The SBJT Forum: How Does One Integrate Faith and Learning? -- By: Anonymous

Journal: Southern Baptist Journal of Theology
Volume: SBJT 01:3 (Fall 1997)
Article: The SBJT Forum: How Does One Integrate Faith and Learning?
Author: Anonymous


The SBJT Forum:
How Does One Integrate Faith and Learning?

Editor’s Note: Readers should be aware of the Forum’s format. C. Ben Mitchell, D. A. Carson, Craig Blaising, and Scott Hafemann have been asked specific questions to which they have provided written responses. These writers are not responding to one another. The journal’s goal for the Forum is to provide significant thinkers’ views on topics of interest without requiring lengthy articles from these heavily-committed individuals. Their answers are presented in an order that hopefully makes the Forum read as much like a unified presentation as possible.

SBJT: How does a Christian professor impact a secular university?

C. Ben Mitchell1 : Teaching philosophy and applied ethics in a largely secular context is fraught with serious challenges and stimulating opportunities. Undergraduate students arrive at state universities imbued with a very simplistic relativism. Taking a cue from Louis Pojman, on the first day of class I asked my undergrads at the University of Tennessee to answer the following question anonymously: “Are there any ethical absolutes—moral duties binding on all persons at all times—or are moral duties relative to a particular culture?” As one might suspect, about ninety-five percent of my students denied the existence of moral absolutes. The most interesting response I received was from a student who replied, “I don’t know. I mean, Hey! Dude, are you kiddin’ or what? Anyway, ask Ghandi or somebody. I have no religion and pretty much no absolute moral convictions. But, hey, those Catholics are pretty weird.”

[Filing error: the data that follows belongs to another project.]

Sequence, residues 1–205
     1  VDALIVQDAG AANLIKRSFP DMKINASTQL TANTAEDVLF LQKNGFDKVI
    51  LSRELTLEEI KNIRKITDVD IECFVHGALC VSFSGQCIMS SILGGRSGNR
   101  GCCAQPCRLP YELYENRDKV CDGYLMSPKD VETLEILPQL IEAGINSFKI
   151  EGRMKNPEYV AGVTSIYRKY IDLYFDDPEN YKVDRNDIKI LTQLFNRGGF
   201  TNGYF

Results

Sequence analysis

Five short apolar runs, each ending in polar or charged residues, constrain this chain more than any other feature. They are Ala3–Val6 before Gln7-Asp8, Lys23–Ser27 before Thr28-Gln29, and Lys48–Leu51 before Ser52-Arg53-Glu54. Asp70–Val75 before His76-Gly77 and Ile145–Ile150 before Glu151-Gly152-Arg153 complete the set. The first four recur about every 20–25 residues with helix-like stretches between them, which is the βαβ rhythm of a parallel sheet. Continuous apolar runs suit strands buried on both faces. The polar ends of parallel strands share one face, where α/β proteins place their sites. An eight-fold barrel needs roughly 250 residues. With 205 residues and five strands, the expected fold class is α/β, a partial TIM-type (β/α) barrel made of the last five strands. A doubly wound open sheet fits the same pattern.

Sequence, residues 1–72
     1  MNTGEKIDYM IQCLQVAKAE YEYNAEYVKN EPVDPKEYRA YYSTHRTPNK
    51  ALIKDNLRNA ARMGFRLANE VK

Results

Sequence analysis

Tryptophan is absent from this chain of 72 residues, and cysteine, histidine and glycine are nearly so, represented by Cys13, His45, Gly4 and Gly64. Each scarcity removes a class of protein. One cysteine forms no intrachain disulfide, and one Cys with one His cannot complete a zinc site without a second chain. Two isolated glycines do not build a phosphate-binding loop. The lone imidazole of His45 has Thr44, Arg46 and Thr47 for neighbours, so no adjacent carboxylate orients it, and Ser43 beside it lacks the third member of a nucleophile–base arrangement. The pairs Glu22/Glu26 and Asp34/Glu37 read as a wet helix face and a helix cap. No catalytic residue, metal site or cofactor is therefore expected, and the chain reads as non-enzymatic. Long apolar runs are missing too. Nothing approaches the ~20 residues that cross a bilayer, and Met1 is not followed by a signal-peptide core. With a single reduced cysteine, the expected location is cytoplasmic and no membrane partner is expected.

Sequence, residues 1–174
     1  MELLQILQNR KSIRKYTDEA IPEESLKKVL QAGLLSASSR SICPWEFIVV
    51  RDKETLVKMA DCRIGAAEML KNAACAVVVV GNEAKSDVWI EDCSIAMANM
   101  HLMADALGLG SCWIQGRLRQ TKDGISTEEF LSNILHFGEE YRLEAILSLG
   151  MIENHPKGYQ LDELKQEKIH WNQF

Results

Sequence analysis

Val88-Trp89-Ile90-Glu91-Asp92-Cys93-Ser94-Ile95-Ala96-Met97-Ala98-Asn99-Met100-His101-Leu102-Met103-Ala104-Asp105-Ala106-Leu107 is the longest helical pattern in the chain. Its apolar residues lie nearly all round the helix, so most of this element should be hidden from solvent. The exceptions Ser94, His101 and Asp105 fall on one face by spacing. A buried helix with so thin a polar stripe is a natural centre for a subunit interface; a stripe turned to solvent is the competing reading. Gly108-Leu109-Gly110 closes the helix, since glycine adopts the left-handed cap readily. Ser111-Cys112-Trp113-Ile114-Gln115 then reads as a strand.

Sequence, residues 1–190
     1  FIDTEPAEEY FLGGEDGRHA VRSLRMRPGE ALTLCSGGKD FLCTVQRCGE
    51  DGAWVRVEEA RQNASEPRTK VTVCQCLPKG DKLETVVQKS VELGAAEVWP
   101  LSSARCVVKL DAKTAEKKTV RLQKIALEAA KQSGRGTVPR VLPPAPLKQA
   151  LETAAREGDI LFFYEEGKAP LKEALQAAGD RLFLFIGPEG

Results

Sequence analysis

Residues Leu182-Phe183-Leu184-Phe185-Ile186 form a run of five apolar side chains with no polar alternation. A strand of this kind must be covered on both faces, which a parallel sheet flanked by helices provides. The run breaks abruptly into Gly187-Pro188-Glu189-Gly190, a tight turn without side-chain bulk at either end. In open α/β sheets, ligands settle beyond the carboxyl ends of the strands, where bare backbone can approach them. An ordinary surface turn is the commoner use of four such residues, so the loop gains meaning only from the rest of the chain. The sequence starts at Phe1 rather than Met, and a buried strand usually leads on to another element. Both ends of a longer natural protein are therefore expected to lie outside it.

In light of the prevailing relativism (or even ethical nihilism) of undergraduates, I spent most of my time in class challenging the notion that there are no moral absolutes and showing students how relativism bites itself. (Should we take the statement, “there are no moral absolutes” as an absolute?) Offering the Holocaust and female genital mutilation as challenges to simple relativism presented splendid opportunities to demonstrate that there are some things which are always wrong, regardless of cultural conditions.

Interestingly, I have found that seminary students are not immune to relativism, even of the simplistic variety encountered in the secular academy. Unlike the secular context, in the seminary setting we can appeal to an authoritative revelation to deconstruct ethical relativism. Nevertheless, the Zeitgeist of the age is so powerful it is often difficult to disabuse even seminarians of their naive relativism.

Working with colleagues in the secular context is equally challenging. The prevailing sentiment among secularists is that religious ethicis...

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